Most of the time, city cores are complete in their structural form, constitute a small fraction of the city and are hardly influenceable. But cities are changing, they are not only a series of addiction and have not be seen as a political institution made of private man. The attention must be focused on the parts that shapes everyday life to perceive them as a cultural product. One of the role of the designer in the community is to show that it is possible to make a better use of existing building or environment, placing value in human and social capital in order to create an urban identity. (Sieverts, Thomas (2003): Cities without cities. An interpretation of the Zwischenstadt. English language ed. London: Spon Press)

According to Sherry Arnstein in “A Ladder of Citizen Participation”, there are three different levels of citizen participation, including nonparticipation, tokenism, and citizen power, with more specific “ladder rungs” within each. In order to promote the optimal landscape democracy scenario for every situation, all parties involved must ensure there is a balance of citizen participation, as well as the hearing and consideration of all voices - whether being of the biggest financier and shareholder, or of the smallest minority group. All-in-all, “Urban design must begin to focus on connecting individuals, communities, and nature in a sustainable and democratic way” (Randolph, Design for Ecological Democracy, 2006).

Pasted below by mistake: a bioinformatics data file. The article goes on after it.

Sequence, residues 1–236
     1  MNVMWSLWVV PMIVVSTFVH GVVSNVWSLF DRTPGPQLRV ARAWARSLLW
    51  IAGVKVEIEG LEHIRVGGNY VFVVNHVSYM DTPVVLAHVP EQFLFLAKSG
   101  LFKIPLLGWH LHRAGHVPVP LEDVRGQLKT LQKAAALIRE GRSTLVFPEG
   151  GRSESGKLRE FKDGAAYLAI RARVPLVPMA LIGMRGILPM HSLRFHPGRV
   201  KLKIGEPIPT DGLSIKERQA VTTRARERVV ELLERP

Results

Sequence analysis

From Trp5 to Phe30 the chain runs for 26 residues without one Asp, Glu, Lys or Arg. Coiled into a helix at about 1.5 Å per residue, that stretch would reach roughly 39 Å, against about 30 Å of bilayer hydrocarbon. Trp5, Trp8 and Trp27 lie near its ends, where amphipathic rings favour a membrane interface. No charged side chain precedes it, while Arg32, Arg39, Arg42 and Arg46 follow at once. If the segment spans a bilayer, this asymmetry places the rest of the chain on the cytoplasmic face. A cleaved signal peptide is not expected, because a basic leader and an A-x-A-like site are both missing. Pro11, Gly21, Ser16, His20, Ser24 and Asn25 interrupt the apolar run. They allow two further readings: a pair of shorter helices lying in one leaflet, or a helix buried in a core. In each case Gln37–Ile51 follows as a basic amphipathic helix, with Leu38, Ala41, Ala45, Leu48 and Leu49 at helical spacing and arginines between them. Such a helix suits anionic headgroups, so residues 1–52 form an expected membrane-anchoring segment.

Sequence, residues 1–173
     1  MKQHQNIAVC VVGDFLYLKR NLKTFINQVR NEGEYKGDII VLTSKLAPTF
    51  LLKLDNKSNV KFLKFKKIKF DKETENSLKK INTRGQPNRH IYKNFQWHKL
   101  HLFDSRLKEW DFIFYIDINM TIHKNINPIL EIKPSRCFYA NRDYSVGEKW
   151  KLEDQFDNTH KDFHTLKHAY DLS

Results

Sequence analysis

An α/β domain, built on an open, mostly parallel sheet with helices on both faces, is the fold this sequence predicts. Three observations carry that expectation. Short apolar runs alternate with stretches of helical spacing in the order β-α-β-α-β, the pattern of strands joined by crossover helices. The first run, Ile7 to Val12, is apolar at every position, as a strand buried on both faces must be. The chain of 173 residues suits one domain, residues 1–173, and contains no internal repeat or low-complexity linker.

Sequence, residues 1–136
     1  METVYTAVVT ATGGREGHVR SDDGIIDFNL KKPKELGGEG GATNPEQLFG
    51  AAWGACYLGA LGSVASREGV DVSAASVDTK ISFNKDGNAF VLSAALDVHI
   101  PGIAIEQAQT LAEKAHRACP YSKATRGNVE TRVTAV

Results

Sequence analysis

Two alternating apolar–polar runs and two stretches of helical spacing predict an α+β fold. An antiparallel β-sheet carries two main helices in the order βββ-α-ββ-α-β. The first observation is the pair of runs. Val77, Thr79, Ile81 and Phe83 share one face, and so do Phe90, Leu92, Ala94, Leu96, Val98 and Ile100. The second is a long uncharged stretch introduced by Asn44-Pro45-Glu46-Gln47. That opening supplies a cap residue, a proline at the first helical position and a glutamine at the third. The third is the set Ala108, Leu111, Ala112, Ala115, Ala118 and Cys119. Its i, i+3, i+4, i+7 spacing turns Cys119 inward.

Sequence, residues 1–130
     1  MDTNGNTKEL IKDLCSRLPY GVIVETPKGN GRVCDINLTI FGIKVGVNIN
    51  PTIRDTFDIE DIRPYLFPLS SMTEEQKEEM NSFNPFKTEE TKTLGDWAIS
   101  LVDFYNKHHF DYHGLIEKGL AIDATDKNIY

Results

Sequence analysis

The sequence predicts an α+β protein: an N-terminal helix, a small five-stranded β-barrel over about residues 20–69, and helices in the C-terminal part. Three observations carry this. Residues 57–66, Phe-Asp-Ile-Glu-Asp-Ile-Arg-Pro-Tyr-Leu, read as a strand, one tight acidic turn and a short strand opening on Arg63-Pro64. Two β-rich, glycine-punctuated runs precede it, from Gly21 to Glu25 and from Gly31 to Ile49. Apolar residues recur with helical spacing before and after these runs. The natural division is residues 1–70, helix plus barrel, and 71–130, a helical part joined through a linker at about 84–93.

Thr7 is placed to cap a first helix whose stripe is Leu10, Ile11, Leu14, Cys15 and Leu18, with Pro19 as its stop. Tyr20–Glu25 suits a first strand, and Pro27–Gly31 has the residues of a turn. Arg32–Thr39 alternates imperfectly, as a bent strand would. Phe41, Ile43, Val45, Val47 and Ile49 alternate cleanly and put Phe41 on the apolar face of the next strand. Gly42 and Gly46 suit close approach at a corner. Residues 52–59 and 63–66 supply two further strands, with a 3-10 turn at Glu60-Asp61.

Step 6: Revised manifestoes

  • please look again at your initial manifestoes and update them with any new aspects/prespectives you have taken up during this seminar

Assignment 2 - Your Landscape Symbols

  • You can read more details about this assignment here

Landscape Symbols - Anna Ilyuchshenko

Landscape Symbols - Gaia Uguccioni

Landscape Symbols - Maggie Weber

Landscape Symbols - Yasaman Rahimi

Assignment 3 - Role Play on Landscape Democracy "movers and shakers"

  • You can read more details about this assignment here
Yasaman Rahimi>: Lawrence (Larry) Halprin, (The RSVP cycle, Levi’s Plaza and Headquarters)
Margaret Weber>: Paula Horrigan (Rust to Green)
Anna Ilyuchshenko>: Anne Spirn (Mill Creek Project)
Gaia Uguccioni>: Robert Jungk (Zukunftswerkstatt)

Assignment 4 - Your Landscape Democracy Challenge

  • You can read more details about this assignment here
  • Each group member will specify a landscape democracy challenge in his/her environment